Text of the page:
The molecular basis of host-specificity of Phytophthora species, such as P. infestans and P. capsici is unknown. Although disease resistance genes that operate at the nonhost level are likely to be implicated , early work has also suggested a role for phytoalexins. For example, in the 1970s, several studies have shown that capsidiol has differential activity against P. infestans and P. capsici , . Jones et al. showed that P. infestans is more sensitive (∼10 fold) to capsidiol than P. capsici, both in spore germination and growth assays . Jones et al. also showed that, below a certain threshold, capsidiol has a reversible effect on both Phytophthora species . This level of capsidiol is only reached in vivo in pepper varieties that are resistant to P. capsici, which led the authors to suggest sensitivity to capsidiol and differential accumulation of this phytoalexin might determine host susceptibility . Apart from these pioneering studies that date back to the 1970s, only few publications have examined the role of capsidiol in Phytophthora pathosystems except to use it as a marker for defense , , , . Nonetheless, Shibata et al. showed that silencing of NbEAS and NbEAH, two ethylene-regulated genes for capsidiol biosynthesis, negatively impact the resistance of Nicotiana benthamiana against P. infestans suggesting a positive role of capsidiol in this interaction , .
In this study, we revisited the effect of capsidiol on P. infestans and P. capsici, and the variation in sensitivity to this phytoalexin. Compared to the earlier studies , , ,  we used highly pure preparations obtained from yeast engineered to express the capsidiol biosynthetic pathway . We also assayed the effect of capsidiol on both mycelial growth and zoospores, using a novel fluorescence-based assay taking advantage of transgenic Phytophthora strains expressing fluorescent markers for biomass quantification. We confirmed major differences in capsidiol sensitivity between P. infestans and P. capsici. We also showed that capsidiol alters the growth behaviour of both Phytophthora species. Finally, we monitored the intraspecific variation within P. infestans isolates to capsidiol.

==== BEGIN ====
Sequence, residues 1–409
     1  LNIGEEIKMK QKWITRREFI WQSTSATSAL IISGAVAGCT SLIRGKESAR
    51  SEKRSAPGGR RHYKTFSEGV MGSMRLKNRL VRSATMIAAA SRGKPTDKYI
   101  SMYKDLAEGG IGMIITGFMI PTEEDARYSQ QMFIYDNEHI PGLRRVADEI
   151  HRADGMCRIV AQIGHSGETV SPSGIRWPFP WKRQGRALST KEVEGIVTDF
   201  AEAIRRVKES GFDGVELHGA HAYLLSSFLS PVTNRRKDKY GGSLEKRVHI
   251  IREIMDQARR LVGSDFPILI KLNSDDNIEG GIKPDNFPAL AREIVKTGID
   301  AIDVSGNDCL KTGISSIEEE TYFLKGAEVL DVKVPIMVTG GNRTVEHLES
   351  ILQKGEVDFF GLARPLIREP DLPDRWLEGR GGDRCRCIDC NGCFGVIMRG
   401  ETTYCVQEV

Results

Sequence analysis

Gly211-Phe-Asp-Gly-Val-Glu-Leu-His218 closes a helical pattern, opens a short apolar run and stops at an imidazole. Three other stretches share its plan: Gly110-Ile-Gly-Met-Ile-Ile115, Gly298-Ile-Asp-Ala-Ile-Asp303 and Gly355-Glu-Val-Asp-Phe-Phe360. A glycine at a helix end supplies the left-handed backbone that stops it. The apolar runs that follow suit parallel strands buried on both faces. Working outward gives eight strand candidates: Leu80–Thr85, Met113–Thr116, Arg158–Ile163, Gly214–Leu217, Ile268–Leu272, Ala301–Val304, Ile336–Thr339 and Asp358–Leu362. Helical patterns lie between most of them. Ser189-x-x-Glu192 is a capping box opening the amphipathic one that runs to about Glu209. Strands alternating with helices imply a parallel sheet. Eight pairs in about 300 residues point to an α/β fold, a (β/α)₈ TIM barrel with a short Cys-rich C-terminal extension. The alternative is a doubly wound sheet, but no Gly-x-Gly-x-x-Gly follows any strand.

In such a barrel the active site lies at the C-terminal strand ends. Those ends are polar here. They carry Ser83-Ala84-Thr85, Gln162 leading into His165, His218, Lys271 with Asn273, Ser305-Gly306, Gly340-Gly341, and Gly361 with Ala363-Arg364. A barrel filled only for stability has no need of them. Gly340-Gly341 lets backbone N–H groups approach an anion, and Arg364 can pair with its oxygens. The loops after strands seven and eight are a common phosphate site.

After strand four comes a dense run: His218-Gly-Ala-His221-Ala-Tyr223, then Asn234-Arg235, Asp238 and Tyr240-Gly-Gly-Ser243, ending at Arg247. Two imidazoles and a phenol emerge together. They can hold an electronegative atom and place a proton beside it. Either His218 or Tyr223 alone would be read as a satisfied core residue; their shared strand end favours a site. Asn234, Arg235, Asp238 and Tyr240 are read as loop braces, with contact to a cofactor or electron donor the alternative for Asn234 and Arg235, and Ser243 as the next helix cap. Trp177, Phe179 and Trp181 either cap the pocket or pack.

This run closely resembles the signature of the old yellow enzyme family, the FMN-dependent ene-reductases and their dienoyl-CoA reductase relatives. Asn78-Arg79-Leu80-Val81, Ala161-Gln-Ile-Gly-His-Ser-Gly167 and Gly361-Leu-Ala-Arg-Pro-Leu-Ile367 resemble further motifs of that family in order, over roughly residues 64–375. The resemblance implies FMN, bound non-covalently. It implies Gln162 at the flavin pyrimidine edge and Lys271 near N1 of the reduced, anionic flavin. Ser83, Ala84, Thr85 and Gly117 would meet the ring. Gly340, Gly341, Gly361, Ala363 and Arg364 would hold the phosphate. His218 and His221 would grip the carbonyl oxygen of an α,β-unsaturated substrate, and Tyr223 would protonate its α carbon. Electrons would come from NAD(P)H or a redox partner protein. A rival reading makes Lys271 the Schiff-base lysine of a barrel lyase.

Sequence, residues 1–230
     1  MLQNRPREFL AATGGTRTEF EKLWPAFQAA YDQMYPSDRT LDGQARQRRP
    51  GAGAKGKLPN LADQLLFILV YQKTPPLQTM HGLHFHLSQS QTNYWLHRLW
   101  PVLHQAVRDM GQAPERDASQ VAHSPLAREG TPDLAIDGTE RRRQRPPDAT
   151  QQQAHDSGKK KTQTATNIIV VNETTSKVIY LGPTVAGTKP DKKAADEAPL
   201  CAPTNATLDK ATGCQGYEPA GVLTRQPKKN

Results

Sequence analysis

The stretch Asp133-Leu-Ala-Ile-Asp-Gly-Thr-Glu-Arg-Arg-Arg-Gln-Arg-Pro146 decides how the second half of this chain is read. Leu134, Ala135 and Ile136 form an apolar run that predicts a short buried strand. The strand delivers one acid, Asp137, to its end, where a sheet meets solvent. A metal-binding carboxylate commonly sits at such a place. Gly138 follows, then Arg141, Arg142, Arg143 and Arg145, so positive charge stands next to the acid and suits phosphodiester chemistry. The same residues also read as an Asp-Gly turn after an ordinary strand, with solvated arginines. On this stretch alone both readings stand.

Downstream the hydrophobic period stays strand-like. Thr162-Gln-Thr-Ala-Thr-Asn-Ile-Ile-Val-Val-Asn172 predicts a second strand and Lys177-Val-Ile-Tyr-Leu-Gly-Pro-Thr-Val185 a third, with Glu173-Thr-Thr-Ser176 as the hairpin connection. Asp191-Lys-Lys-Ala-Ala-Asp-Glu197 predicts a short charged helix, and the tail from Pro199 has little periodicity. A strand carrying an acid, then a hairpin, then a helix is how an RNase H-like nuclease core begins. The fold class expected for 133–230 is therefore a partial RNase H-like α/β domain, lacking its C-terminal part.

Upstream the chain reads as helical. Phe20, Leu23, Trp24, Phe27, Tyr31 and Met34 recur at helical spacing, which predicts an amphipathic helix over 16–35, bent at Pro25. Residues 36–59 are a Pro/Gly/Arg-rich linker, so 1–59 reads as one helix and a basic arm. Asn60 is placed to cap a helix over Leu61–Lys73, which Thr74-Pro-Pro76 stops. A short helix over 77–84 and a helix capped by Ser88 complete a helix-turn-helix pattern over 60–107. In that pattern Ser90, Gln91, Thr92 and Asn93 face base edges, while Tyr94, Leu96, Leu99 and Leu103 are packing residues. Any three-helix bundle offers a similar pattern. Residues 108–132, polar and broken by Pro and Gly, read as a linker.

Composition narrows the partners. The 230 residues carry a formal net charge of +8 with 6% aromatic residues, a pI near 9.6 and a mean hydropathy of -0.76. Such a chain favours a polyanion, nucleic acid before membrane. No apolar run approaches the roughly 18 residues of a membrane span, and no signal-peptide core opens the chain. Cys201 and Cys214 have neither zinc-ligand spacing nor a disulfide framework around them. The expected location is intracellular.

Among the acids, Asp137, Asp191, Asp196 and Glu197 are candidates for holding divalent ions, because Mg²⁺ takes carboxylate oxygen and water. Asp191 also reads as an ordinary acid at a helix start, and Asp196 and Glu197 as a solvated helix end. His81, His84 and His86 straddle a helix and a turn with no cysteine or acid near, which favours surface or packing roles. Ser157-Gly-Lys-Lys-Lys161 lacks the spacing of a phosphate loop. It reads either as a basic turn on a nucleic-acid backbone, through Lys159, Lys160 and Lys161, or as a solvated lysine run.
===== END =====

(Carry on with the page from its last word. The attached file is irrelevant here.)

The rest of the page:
P. infestans is more sensitive to capsidiol than P. capsici
To examine the effect of capsidiol on Phytophthora spp., we conducted inhibition assays using mycelial plugs of 2 to 3 week-old plates of P. infestans and P. capsici, which were placed in sterilised 26-well plates (Greiner Bio-one) in a rich medium, supplemented with varying concentrations of capsidiol. In our experiments, we used a metabolically engineered yeast system  to produce high purity capsidiol as shown by Nuclear Magnetic Resonance (NMR) Spectroscopy (Fig. 1A). Mycelial growth was assessed by visual inspection after 10 days of incubation of agar-grown mycelial plugs in capsidiol- or control-containing liquid medium at 20°C in the dark for P. infestans and 25°C and illumination for P. capsici. We observed reduced P. infestans growth at capsidiol concentrations of 50 µM or above and no growth was observed at concentrations of 120 µM and higher. P. capsici growth was affected at capsidiol concentrations of 1.5 mM or higher, but was not fully inhibited in any of the tested capsidiol concentrations (Fig. 1B). Since capsidiol stock solution was dissolved in DMSO, we also tested whether DMSO affects mycelial growth of Phytophthora. We found, that DMSO did not affect Phytophthora growth at concentrations below 2.5% (v/v), which is equivalent to the highest relative DMSO concentration that was used during the experiment. In summary, our results confirm earlier indications that P. capsici displays a higher degree of resistance to capsidiol than P. infestans. However, in our hands complete growth inhibition of P. infestans was achieved with 120 µM capsidiol, a value 2 times less than previously reported .